The American graphic artist Saul Bass once claimed that: “Design is thinking made visual.” In the case of the Fiat 500 ‘Nuova’, and the Patek Phillipe Aquanaut, it would have been one of those once-in-a-lifetime thoughts; the ones that arrive in a miracle second, somewhere between the refreshing and the painfully obvious.
These days, you probably can’t imagine a world without either. But at their unveiling, both watch and car heralded a new icon, sparking a devotion from people around the world that persists today; even though they were originally pitched as a radical upgrade on another classic. Take the ‘Topolino’ Fiat 500. As interesting as the war-time mini-mouse is, it could appear unremarkable now, overshadowed by its beloved younger sibling the Nuova (meaning, ‘new’). The Patek Phillipe Nautilus is itself a legendary watch, but the Aquanaut created a sensation on its release, thanks to a sportier reimagining of the oval design and the tropical rubber strap. Neither are typically associated with one-another, thanks to the vast gap in cost. But we want to explore how, for the modern collector, it’s not the money that actually matters. It’s something much deeper.
For our latest shoot, we paired both pieces of design at the new Clubhouse at Harry’s Car Barn in picturesque Warwickshire. Why Henry’s Car Barn? For over 35 years, the team have been entrusted with storing some of the most desired motors in the world. You name it, it’s likely been here. As modern collectors, we often get the desire to talk and share our passions, and so the new Clubhouse was conceived as a home-from-home; and will begin hosting a series of exclusive launch moments and events. Using their similar aesthetic, the principles of simplicity, and a convergence of modern and classic styling, the Clubhouse was the perfect place to show off the Fiat 500 ‘Nuova’ and the Aquanaut together. The original pairing was conceived thanks to a subtle closeness in the design language. The question, as we hope you might be pondering while flicking through these images, could be: is there an objective beauty behind the things we love? Are the shiny toys we gather under our wings (those that outlast trends) so attractive because there’s something plainly desirable about them, encoded in the design?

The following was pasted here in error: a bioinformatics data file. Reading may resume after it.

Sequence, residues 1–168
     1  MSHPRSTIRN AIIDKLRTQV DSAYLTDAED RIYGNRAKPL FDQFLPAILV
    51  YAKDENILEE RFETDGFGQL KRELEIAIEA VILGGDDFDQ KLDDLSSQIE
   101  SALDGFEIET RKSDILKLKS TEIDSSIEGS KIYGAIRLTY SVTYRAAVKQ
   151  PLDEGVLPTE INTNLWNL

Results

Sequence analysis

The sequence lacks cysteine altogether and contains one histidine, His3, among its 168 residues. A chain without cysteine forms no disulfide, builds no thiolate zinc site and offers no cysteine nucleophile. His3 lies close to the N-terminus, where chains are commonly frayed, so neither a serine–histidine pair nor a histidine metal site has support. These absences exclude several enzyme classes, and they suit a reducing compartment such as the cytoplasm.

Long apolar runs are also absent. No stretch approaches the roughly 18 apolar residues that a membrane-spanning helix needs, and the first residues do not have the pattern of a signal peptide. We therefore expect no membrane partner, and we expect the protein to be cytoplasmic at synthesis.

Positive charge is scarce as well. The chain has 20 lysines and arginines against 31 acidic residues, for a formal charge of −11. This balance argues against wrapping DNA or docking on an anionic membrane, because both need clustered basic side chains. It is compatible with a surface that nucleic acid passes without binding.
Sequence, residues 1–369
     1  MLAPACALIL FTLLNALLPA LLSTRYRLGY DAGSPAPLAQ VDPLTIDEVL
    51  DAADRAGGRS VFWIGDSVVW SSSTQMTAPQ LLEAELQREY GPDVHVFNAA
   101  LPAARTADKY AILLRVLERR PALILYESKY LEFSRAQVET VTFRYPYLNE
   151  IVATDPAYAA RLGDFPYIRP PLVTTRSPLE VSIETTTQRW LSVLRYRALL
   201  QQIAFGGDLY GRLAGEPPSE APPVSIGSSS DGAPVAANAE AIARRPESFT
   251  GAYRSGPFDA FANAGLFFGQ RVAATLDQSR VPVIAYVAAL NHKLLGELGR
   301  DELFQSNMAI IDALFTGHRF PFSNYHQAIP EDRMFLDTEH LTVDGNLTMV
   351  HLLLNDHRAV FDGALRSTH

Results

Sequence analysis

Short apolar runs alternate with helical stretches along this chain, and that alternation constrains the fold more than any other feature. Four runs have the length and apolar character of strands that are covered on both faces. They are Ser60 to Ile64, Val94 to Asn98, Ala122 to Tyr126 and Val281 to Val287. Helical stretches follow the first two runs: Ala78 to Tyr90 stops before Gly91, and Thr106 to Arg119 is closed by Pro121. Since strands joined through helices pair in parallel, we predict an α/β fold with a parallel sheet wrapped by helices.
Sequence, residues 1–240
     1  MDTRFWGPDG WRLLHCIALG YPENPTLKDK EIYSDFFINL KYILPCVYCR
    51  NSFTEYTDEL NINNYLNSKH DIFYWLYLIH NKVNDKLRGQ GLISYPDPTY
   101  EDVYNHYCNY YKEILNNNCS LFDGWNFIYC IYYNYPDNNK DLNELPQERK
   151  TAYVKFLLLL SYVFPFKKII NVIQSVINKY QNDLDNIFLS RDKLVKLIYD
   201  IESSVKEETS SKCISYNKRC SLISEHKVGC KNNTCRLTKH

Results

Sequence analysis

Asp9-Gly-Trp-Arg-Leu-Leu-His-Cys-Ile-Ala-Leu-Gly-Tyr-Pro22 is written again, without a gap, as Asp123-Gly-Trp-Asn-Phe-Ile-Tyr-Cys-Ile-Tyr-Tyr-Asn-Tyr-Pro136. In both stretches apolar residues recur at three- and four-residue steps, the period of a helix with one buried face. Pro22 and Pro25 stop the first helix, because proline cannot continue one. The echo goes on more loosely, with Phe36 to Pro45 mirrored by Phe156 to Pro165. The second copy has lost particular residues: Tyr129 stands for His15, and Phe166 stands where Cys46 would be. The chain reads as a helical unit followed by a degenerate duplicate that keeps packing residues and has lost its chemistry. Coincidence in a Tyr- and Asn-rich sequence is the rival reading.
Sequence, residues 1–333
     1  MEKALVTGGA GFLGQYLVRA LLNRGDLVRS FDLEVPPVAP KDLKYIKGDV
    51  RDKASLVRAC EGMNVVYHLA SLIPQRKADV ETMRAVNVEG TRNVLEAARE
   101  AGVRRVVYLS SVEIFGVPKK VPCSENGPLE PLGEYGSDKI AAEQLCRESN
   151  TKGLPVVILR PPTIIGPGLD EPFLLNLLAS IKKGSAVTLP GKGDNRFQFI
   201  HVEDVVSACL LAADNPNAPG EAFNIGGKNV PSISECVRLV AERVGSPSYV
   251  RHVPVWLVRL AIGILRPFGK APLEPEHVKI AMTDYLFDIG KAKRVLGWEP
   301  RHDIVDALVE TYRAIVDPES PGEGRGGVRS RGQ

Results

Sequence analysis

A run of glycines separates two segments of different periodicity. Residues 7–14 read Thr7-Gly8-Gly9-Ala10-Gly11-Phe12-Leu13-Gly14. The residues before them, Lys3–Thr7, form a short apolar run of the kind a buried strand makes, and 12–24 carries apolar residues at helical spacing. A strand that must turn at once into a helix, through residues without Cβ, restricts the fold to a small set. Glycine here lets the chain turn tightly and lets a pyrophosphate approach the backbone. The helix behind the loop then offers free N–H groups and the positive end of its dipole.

Or perhaps they embody our shared values. Being a modern collector means admiring something for what it stands for, too. The sight of a parked blue 1968 Fiat 500 ‘Nuova’ is always a pleasant one, whether it’s on a quaint side-street in Rome or in a stranger’s garage. But the design is only the start. The car evokes that golden age of Italian engineering: far from the modern driving experience, and more of a bygone cult treat. There’s a feeling, as you pull out into the road, that you’re immersed in a very specific kind of Italian spirit. You’ll know it immediately: the Martini sipping, soft-shouldered, Sophia Loren sort that many of us attempt to replicate on holiday in Sorrento. La Dolce Vita in Warwickshire; the voice of Peppino Gagliardi crooning in your ears as the make-do sun-roof wobbles on each bend.
This is a far cry from the Aquanaut. The watch imposes a sense of refined occasion on whatever you do: it’s tidy, comfortable on the wrist, and clever; more likely to sparkle than to sing. But as with the Fiat, there is more to the watch than the sum-of-its-meticulously-crafted-parts — an escapist (maybe even spiritual?) connection that drives our appetites as collectors. The project at the Clubhouse aims to address these shared sentiments: It’s not the price-tag that matters, but the irrational joy of owning, or being near, something that endures and commands our appreciation. And it’s even better when there are two of these enduring icons sitting under the same roof.
With thanks to Henry’s Car Barn.
Report by Chris Cotonou for hoodpin.co
Photographer: Jake Boreham